Is America a culture or an idea? This is a question that has occupied many of our leading intellectuals at least since the re-founding of our country beginning in the period immediately preceding the Civil War. We don’t typically think of ourselves as a single people as the Germans or French do (although my friends in the paleoconservative movement would take issue with this). It is our ideas that are said to be binding and that generate our homogeneity, and our creed has always made room for a plurality of subcultures. But as I pointed out in my June 2000 essay on The American Proposition, there are reasons to worry about whether or not we can sustain a consensus on the critical ideas that have produced the distinctly American culture. According to census results, California will soon become the largest proving ground for our experiment in assimilation, for it is now the first large state in which non-Hispanic whites are no longer a majority, a real test for the region from which many of our social and political trends originate. Many thoughtful people feel strongly that we can’t have immigration from non-Western countries on the scale the U. S. has received over the past 30 years and get assimilation as a result, even if we don’t discourage it with bilingual education, affirmative action, and the multicultural agenda, which we are doing. There is much more to be said about multiculturalism as the antithesis of the ideas that have sustained this culture, but for now we need to consider that when new immigration, coupled with multicultural ideology, undercuts these ideas, it’s time for a pause.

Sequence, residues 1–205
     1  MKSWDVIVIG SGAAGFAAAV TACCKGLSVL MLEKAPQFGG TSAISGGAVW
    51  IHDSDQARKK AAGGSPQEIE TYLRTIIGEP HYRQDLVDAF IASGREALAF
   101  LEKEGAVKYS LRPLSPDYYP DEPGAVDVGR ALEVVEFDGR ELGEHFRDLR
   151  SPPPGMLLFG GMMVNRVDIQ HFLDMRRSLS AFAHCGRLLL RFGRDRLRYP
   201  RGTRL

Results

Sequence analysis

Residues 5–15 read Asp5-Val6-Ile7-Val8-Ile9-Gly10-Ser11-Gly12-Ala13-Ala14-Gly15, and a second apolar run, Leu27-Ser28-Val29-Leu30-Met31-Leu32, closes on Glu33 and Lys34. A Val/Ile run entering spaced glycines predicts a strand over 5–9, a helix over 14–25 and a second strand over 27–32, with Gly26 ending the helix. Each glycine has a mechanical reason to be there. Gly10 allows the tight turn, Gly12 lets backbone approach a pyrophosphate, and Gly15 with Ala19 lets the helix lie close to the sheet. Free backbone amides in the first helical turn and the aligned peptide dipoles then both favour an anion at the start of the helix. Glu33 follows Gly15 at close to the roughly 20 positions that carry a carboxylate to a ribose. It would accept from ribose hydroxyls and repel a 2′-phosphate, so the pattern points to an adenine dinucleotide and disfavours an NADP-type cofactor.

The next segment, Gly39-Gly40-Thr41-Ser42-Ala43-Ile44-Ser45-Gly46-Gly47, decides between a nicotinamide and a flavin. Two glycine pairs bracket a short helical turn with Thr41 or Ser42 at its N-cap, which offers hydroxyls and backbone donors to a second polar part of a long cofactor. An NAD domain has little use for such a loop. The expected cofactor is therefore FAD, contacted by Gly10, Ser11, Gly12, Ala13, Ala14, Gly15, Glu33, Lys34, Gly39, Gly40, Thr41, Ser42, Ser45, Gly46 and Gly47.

You are here: / / A Culture Or An Idea?